Acknowledgements

The authors would like to express their deepest gratitude to Prof. Dr. Nurver Ulger Toprak from Marmara University School of Medicine, Department of Medical Microbiology, Istanbul, Turkey, for generously supplying the cfiA gene positive and carbapenemase-producing B. fragilis strain TAL 2480. The preliminary findings of this study were presented as a poster presentation (no. P0687) at the 26th European Congress of Clinical Microbiology and Infectious Diseases (ECCMID) held in Amsterdam, Netherlands between 9–12 April 2016.

Conflict of interest

The authors have no conflict of interest (commercial or otherwise) to declare regarding this study.

References


  1. Ang L., N.P. Brenwald, R.M. Walker, J. Andrews and A. Fraise. 2007. Carbapenem resistance in Bacteroides fragilis. J. Antimicrob. Chemother. 59: 1042–1044.
    [CROSSREF]
  2. Cantón R., M. Akova, Y. Carmeli, C.G. Giske, Y. Glupczynski, M. Gniadkowski, D.M. Livermore, V. Miriagou, T. Naas, G.M. Rossolini and others. 2012. Rapid evolution and spread of carbapenemases among Enterobacteriaceae in Europe. Clin. Microbiol. Infect. 18: 413–431.
    [CROSSREF]
  3. Dortet L., L. Poirel and P. Nordmann. 2012. Rapid detection of carbapenemase-producing Pseudomonas spp. J. Clin. Microbiol. 50: 3773–3776.
    [CROSSREF]
  4. Dortet L., L. Poirel, C. Errera and P. Nordmann. 2014. Carb Acineto NP test for rapid detection of carbapenemase-producing Acinetobacter spp. J. Clin. Microbiol. 52: 2359–2364.
    [CROSSREF]
  5. Edwards R. and P.N. Read. 2000. Expression of ther carbapenemase gene (cfiA) in Bacteroides fragilis. J. Antimicrob. Chemother. 46(6): 1009–1012.
    [CROSSREF]
  6. Eitel Z., J. Sóki, E. Urbán, E. Nagy and ESCMID Study Group on Anaerobic Infection. 2013. The prevalence of antibiotic resistance genes in Bacteroides fragilis group strains isolated in different European countries. Anaerobe. 21: 43–49.
    [CROSSREF]
  7. EUCAST (European Committee on Antimicrobial Susceptibility Testing). 2016. Breakpoint tables for interpretation of MICs and zone diameters. Version 6.0. http://www.eucast.org.
    [URL]
  8. Nagy E., E. Urbán and ESCMID Study Group on Antimicrobial Resistance in Anaerobic Bacteria. 2011. Antimicrobial susceptibility of Bacteroides fragilis group isolates in Europe: 20 years of experience. Clin. Microbiol. Infect. 17: 371–379.
    [CROSSREF]
  9. Nordmann P., M. Gniadkowski, C.G. Giske, L. Poirel, N. Woodford, V. Miriagou and European Network on Carbapenemases. 2012. Identification and screening of carbapenemase-producing Enterobacteriaceae. Clin. Microbiol. Infect. 18: 432–438.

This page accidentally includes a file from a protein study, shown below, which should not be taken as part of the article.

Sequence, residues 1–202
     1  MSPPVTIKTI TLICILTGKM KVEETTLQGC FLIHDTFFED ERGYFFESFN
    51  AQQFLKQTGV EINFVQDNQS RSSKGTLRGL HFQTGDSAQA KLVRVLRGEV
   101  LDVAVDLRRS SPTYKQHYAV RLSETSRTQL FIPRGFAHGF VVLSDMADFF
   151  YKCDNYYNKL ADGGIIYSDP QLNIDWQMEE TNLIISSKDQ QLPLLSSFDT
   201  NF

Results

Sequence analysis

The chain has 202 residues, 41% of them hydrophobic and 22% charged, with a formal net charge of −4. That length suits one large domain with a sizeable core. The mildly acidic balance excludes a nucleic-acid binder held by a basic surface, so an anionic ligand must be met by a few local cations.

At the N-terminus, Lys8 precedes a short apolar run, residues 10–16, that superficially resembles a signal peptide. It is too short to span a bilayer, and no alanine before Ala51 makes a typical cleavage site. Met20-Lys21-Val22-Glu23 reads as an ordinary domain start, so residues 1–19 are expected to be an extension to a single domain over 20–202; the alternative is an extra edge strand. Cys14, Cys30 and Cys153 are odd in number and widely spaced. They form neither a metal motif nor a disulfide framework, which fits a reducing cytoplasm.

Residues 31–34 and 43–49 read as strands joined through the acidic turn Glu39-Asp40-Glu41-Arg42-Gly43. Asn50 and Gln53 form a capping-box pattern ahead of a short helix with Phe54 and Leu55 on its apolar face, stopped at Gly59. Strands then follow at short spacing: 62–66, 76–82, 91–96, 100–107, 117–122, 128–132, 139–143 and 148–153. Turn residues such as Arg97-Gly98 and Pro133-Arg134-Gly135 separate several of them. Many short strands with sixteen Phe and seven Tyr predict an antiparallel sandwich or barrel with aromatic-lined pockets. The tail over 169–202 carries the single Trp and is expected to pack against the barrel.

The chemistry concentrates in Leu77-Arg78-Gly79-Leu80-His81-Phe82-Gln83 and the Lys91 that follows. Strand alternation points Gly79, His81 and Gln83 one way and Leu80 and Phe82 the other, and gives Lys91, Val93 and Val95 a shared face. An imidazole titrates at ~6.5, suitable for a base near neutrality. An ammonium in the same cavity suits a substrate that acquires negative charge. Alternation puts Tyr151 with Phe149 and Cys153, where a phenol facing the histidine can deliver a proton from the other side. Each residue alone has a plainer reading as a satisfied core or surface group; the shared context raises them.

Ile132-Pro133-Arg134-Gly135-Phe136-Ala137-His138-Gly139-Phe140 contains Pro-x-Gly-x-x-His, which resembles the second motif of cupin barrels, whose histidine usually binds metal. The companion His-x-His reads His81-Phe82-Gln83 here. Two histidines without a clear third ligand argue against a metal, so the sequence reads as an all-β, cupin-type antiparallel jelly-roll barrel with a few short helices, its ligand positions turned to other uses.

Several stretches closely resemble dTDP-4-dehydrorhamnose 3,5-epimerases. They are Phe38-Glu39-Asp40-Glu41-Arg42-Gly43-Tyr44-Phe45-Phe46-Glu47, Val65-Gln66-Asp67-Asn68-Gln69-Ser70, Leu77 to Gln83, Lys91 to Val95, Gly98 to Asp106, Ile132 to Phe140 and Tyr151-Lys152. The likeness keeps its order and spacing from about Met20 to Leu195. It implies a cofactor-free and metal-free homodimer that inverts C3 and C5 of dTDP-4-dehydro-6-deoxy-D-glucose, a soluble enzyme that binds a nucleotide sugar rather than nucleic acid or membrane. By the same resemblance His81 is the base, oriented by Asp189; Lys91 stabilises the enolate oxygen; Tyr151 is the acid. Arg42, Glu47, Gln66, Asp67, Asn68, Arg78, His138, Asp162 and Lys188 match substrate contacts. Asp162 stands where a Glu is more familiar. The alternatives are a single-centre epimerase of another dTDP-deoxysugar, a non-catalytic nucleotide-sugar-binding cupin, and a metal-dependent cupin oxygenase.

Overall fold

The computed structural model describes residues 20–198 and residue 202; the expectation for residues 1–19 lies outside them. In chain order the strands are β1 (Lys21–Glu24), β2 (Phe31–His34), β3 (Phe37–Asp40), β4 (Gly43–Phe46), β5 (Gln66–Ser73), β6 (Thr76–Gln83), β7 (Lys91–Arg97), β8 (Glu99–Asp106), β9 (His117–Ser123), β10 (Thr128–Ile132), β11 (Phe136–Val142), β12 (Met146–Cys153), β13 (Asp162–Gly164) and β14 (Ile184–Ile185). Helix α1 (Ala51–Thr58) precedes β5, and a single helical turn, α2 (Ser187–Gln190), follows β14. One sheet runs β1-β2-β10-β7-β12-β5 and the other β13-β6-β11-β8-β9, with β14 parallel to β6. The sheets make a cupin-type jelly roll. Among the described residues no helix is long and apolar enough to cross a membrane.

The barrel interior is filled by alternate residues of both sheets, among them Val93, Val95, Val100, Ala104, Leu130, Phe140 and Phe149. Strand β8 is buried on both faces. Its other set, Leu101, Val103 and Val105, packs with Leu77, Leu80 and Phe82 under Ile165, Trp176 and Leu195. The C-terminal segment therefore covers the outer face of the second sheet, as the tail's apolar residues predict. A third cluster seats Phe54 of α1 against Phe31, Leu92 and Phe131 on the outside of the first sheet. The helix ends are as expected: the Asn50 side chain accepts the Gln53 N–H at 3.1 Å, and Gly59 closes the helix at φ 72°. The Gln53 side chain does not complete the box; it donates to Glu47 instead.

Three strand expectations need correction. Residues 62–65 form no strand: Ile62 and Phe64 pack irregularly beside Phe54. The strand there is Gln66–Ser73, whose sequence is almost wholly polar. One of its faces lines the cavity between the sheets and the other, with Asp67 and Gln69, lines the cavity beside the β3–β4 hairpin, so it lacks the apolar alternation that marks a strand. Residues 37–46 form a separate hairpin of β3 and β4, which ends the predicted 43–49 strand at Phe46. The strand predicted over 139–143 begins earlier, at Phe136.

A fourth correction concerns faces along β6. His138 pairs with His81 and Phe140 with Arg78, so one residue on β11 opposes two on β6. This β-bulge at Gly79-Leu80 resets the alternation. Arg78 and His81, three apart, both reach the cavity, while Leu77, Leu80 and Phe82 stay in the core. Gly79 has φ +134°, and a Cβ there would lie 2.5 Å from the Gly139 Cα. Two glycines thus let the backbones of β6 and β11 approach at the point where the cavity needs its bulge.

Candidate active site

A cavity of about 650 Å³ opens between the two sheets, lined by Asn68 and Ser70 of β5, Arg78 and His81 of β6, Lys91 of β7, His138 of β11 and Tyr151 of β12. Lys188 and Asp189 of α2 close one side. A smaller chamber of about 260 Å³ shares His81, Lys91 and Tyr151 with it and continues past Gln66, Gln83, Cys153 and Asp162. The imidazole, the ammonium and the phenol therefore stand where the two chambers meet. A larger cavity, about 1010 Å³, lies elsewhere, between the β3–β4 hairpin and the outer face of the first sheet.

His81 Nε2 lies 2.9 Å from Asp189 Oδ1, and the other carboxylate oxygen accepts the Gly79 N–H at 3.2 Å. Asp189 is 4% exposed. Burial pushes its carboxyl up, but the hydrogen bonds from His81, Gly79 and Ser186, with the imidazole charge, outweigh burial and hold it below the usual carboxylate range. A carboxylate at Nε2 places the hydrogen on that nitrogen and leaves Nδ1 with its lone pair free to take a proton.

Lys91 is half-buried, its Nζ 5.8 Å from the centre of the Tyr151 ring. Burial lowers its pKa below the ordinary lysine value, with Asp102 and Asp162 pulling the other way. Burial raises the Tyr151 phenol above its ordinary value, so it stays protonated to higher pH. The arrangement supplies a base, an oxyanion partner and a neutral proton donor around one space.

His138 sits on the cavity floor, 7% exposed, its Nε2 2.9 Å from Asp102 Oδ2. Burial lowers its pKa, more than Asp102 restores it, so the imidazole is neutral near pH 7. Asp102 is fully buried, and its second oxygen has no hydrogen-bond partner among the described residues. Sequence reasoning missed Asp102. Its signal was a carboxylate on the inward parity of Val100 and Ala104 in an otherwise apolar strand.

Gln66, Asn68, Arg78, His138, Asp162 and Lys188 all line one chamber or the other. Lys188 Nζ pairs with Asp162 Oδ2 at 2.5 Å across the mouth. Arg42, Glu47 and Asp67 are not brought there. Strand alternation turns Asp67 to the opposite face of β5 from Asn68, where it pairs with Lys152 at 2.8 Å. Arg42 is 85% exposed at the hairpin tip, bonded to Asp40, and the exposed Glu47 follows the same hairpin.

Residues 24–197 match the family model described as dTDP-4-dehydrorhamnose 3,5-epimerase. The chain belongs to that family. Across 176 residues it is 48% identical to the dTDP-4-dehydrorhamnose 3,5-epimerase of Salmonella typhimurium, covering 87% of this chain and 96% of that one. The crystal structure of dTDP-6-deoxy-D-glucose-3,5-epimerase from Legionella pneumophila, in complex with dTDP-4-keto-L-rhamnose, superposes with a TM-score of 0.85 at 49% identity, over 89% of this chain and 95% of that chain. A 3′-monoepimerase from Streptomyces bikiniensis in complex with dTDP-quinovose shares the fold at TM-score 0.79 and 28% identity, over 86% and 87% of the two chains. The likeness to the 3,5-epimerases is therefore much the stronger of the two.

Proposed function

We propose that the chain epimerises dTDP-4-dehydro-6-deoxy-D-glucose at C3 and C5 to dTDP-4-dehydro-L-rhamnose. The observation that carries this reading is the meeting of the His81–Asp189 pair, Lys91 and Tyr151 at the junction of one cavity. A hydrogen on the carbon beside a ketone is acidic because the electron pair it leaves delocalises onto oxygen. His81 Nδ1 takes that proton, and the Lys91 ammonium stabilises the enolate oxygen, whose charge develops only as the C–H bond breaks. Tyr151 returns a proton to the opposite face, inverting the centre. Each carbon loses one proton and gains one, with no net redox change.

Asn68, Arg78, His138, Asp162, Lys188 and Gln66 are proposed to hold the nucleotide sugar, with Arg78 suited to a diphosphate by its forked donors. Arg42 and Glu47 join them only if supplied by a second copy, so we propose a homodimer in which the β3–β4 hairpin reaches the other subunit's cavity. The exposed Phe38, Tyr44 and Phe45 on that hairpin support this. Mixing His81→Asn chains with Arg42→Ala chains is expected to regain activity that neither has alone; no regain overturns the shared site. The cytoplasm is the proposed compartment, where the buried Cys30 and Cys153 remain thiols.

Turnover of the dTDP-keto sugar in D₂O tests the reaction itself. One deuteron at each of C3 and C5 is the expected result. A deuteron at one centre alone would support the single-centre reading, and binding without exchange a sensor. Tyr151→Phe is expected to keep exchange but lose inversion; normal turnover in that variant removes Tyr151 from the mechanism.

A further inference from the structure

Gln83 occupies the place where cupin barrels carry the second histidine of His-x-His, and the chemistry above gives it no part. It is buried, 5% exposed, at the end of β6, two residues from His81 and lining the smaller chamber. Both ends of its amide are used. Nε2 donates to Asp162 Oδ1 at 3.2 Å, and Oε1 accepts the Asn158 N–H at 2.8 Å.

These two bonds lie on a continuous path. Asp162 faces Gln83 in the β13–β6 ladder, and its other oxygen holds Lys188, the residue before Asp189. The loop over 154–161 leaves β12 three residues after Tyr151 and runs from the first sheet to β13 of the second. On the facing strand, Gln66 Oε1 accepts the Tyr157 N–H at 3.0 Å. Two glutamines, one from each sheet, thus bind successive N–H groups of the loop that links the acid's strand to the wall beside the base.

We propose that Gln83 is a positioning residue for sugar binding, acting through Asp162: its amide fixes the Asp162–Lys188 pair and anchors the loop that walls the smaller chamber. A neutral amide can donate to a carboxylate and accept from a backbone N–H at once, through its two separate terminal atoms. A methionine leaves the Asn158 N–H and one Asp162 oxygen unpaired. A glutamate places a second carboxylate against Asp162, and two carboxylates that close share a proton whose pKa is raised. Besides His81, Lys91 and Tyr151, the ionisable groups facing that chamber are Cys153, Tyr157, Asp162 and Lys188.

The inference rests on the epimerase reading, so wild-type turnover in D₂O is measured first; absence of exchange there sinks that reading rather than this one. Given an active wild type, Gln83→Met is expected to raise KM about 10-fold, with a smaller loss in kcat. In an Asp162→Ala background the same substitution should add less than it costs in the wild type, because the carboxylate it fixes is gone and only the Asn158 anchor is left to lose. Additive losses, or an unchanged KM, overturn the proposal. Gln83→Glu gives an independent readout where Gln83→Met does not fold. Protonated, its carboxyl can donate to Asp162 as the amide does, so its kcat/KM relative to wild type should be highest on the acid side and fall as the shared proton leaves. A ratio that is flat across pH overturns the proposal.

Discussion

[CROSSREF]
  10. Nordmann P., L. Poirel and L. Dortet. 2012. Rapid detection of carbapenemase-producing Enterobacteriaceae. Emerg. Infect. Dis. 18: 1503–1507.
    [CROSSREF]
  11. Poirel L., R.A. Bonnin and P. Nordmann. 2013. Rapid identification of antibiotic-resistant bacteria: how could new diagnostic tests halt potential endemics? Expert. Rev. Mol. Diagn. 13: 409–411.
    [CROSSREF]
  12. Sóki J., Z. Eitel, E. Urbán, E. Nagy and ESCMID Study Group on Anaerobic Infections. 2013. Molecular analysis of the carbapenem abnd metronidazole resistance mechanisms of Bacteroides strains reported in a Europe-wide antibiotic resistance survey. Int. J. Antimicrob. Agents 41:122–125.
    [CROSSREF]
  13. Sóki J., E. Urbán, I. Szöke, E. Fodor and E. Nagy. 2000. Prevalence of the carbapenemase gene (cfiA) among clinical and normal flora isolates of Bacteroides species in Hungary. J. Med. Microbiol. 49: 427–430.
    [CROSSREF]
  14. Thompson J.S. and M.H. Malamy. 1990. Sequencing the gene for an imipenem-cefoxitin-hydrolyzing enzyme (CfiA) from Bacteroides fragilis TAL2480 reveals strong similarity between CfiA and Bacillus cereus β-Lactamase II. J. Bacteriol. 172: 2584–2593.
    [CROSSREF]
  15. Toprak N.U., O.D. Uzunkaya, J. Sóki and G. Soyletir. 2012. Susceptibility profiles and resistance genes for carbapenems (cfiA) and metronidazole (nim) among Bacteroides species in a Turkish University Hospital. Anaerobe. 18: 169–171.
    [CROSSREF]
  16. Wayne, P.A.; Clinical and Laboratory Standards Institute. 2016. CLSI Guidelines: Performance Standards for Antimicrobial Susceptibility Testing. 26th ed. CLSI supplements M100S.
  17. Wexler H.M. 2007. Bacteroides: the good, the bad, and the nittygritty. Clin. Microbiol. Rev. 20: 593–621.
    [CROSSREF]
  18. Zahar J.R., H. Farhat, E. Chachaty, P. Meshaka, S. Antoun and G. Nitenberg. 2005. Incidence and clinical significance of anaerobic bacteraemia in cancer patients: a 6-year retrospective study. Clin. Microbiol. Infect. 11: 724–729.
    [CROSSREF]
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FIGURES & TABLES

Fig. 1.

Interpretation of the Carba NP test results: B. fragilis ATCC 25285 with no carbapenemase activity (left) and carbapenemase-producing B. fragilis strain TAL 2480 (right).

The tubes denoted as “a” contain solution A + bacterial lysate, tubes “b” contain solution B (solution A + imipenem) + bacterial lysate. If acidification occurs as a result of hydrolysis of imipenem, the pH indicator (phenol red) causes a color change from red to yellow in tube b.